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Urology/Venous leak?


- I have been afraid that I have venous leak for some time. About year ago I had a doppler exam and everything was fine, when stimulated with alprostadil the results were: PSV: 79/56 cm/s and EDV: negative/negative.
 Almost a year from this my erections have been weaker and they don't even keep up so well. I also dont have so much morning erections anymore, or they're not that hard. I'm not sure if this is caused by my anxiety about venous leakage (or anxiety that the erection dont keep up), or my prostatitis, or my discontinuation of ssri-medicine last summer, or something worse.
 I think I get little anxiety when I have an erection, I start to think about does this erection keep up, and little while after that I sometimes/usually can feel this kind of heavy heartbeat pulsating in my body, the hearbeat isn't fast but its heavy/hard. I still got couple of good morning erections about 1-2 months ago. And I can masturbate to orgasm while I still have problem of getting aroused and a bad libido (maybe from ssri-meds?), but I can last only about 1-5 minutes so It doesnt rule out venous leak or does it?
 So my question is that how possible do you think that it is that I have venous leakage when my test results were that good about year ago and there haven't been any damages or traumas to my penis after that? Do you think that there might be some other reason to these bad erections? Can venous leakage happen by itself in a year without any trauma considering that things were so good a year ago, is it common that it happens by itself without any damage?

Ps. I'm 25 years old, I dont have diabetes. I recently got my testosterone levels measured and it was about 14 nmol/l, couple of years ago I had about 20 nmol/l, but my doctor said that the levels can change even on daily basis etc. (maybe the ssri-treatment has changed my levels?)

Thank you alot for your answer!

Although there are many causes for erectile dysfunction (ED, )I think it is very unlikely that you have a venous leak. The most common diseases associated with this disorder are vascular conditions (ie atherosclerosis – “hardening of the arteries” and abnormal varicose veins inside the penis - so called "venous leak") and diabetes.  Some others include hormone imbalances, neurologic pathology, local penile diseases (ie Peyronie’s disease), smoking, obesity, alcoholism, prostatitis, prostate surgery, certain medications, "recreational drugs", trauma to pelvic nerves or vasculature and chronic perineal pressure from overly aggressive bike or horse back riding.  A variety of emotional disturbances (most commonly depression or performance anxiety) can also cause or be a significant factor in those suffering from ED.  Very commonly, the etiology is multifactoral.  As a result, consultation with a urologist skilled in the evaluation and treatment of ED is recommended.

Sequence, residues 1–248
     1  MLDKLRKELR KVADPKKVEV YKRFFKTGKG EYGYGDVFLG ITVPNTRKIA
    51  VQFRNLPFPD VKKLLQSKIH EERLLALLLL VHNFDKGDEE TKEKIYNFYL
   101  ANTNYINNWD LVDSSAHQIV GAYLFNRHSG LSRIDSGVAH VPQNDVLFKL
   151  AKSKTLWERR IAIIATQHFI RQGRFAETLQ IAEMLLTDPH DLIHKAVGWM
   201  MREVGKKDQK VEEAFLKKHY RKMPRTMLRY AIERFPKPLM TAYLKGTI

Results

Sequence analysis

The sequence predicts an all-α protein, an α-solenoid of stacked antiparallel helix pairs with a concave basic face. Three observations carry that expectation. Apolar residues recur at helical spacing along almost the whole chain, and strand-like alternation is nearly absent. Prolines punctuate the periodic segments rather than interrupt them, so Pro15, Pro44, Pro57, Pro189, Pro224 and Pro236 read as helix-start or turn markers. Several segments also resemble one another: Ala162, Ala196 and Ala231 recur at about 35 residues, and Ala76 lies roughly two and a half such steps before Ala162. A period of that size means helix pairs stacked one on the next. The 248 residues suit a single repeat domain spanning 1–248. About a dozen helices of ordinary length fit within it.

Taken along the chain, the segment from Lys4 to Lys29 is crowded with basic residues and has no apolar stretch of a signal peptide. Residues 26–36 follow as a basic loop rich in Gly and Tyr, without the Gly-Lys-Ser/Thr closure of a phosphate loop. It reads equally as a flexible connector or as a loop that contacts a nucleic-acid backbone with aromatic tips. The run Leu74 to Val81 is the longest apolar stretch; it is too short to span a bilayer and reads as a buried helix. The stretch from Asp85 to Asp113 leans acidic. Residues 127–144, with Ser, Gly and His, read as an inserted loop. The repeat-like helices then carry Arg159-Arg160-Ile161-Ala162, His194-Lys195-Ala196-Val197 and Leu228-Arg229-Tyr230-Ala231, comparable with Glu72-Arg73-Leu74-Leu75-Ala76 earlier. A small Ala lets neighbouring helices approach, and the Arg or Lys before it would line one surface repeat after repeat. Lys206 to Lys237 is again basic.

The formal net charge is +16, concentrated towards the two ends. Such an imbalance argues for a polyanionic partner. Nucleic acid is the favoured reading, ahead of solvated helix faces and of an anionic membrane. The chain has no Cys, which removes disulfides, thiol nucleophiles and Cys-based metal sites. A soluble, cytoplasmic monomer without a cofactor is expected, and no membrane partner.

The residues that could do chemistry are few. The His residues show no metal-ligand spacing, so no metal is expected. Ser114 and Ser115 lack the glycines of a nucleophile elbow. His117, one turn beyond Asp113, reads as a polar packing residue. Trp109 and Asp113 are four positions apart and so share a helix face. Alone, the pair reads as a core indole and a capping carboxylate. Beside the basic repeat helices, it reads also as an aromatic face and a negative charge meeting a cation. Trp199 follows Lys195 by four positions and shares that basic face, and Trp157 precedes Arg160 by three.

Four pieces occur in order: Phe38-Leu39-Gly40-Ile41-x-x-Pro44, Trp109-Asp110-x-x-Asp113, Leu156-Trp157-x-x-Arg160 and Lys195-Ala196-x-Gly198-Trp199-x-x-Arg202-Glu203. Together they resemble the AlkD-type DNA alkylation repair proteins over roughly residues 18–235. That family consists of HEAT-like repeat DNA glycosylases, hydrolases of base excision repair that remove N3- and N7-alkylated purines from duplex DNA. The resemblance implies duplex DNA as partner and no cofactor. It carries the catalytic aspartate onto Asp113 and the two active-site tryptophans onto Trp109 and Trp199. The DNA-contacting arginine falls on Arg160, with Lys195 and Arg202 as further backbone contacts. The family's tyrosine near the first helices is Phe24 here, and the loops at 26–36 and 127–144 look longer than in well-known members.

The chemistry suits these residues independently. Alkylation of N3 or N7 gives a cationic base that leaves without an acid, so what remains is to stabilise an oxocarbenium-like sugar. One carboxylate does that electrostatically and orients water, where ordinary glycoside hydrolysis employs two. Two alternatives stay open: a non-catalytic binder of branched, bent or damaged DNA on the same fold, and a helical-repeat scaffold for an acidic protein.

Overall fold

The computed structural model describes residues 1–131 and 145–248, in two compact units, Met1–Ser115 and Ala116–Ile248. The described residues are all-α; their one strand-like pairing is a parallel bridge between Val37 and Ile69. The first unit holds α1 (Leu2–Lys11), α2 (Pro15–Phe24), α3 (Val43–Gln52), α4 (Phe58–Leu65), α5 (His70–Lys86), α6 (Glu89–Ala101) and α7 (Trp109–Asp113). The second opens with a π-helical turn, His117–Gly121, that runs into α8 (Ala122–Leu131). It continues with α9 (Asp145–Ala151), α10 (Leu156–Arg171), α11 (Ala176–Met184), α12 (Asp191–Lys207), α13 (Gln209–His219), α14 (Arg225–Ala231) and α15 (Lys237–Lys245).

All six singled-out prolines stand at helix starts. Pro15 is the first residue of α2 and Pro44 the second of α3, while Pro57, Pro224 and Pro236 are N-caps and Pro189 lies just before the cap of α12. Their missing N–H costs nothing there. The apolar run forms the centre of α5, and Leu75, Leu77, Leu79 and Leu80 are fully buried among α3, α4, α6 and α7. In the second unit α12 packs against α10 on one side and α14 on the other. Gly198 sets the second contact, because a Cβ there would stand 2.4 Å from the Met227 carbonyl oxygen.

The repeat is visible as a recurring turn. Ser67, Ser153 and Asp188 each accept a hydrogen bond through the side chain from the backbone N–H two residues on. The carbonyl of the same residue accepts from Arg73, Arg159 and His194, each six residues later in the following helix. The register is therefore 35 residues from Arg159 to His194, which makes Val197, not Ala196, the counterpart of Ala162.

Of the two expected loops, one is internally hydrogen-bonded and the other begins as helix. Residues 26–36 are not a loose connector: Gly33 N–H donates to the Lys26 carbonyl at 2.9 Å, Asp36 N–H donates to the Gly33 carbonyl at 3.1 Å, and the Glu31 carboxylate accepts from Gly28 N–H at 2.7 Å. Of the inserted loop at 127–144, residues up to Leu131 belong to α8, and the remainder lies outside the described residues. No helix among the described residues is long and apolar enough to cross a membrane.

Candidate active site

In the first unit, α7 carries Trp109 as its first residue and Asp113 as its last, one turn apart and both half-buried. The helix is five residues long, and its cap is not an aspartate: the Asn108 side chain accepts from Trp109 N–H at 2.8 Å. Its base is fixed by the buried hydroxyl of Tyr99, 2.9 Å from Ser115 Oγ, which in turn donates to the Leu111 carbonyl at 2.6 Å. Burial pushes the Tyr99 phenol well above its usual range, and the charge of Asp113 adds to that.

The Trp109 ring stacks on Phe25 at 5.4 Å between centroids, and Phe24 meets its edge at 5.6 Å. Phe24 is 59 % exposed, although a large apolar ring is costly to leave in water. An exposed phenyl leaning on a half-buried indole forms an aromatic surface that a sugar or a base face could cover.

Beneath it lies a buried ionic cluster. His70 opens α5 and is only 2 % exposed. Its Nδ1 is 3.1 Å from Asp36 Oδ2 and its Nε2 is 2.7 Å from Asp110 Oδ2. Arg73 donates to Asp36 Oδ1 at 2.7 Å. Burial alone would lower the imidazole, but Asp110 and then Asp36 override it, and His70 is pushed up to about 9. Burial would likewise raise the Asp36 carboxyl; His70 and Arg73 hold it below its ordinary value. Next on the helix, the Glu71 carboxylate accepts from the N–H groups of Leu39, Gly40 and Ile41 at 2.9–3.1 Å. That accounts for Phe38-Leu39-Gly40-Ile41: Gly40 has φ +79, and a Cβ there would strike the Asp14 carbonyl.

In addition to a history and physical examination, specialized tests may be indicated to find a cause.  Some of the commonly ordered studies include routine blood tests, hormone levels, and penile duplex color ultrasound.  

If a correctable cause is found, specific treatment is instituted.  If the condition is irreversible, most men today can still be restored to normal functionality with the numerous treatments available including oral medications in the class of PDE5 inhibitors  (ie Viagra, Levitra, Cialis & Stendra), vacuum erection devices (VEDs), confidence rings (for those with a pure venous leakage), penile injections (ie Edex, Caverject), urethral suppositories (Muse) and penile prosthetic surgery.  

Every man occasionally has difficulty obtaining or maintaining erections.  There are many possible reasons for this such as too frequent sex (or ejaculation), prostatitis (inflammation of the prostate gland), fatigue, drugs, alcohol, emotional causes, etc.  When it happens out of the blue for the first time, it is not uncommon to have the event in the back of your mind when you try to have sex in the future.  If this thought interferes with your function, the disorder is called "performance anxiety".  I think this is most likely what is going on with you.  It is one of the emotional causes of impotence and quite common.  Although drugs such as Viagra, Levitra and Cialis are not specific for such problems, I have used them in these situations.  I have found that the use of 1/2-1  50 mgm tablet of Viagra works very well. Often it  is not necessary to use the drug again.  Just having it available for those problem situations seems to bolster one's confidence enough so that it is not needed.  These medications do have certain contraindications and side effects.  Therefore, they should only be prescribed by a physician familiar with your medical history.  If the problem persists or still worries you, the best course of action is to discuss the anxiety with a sex therapist.  Good luck!


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Arthur Goldstein, M.D.


Problems or questions related to the field of urology; ie urinary stone disease, urinary cancers (kidney, bladder, prostate, testis, etc.), urinary infections, etc. I no longer answer questions related to erection problems or male sexual dysfunction.


I am retired from the active practice of urology. My 34 years was totally in the clinical field and involved the entire gamut of genitourinary problems, with special interest in endourology.

American Medical Association, American Urological Association, American College of Surgeons

College degree - BS Medical degree - MD Master of Science - MS

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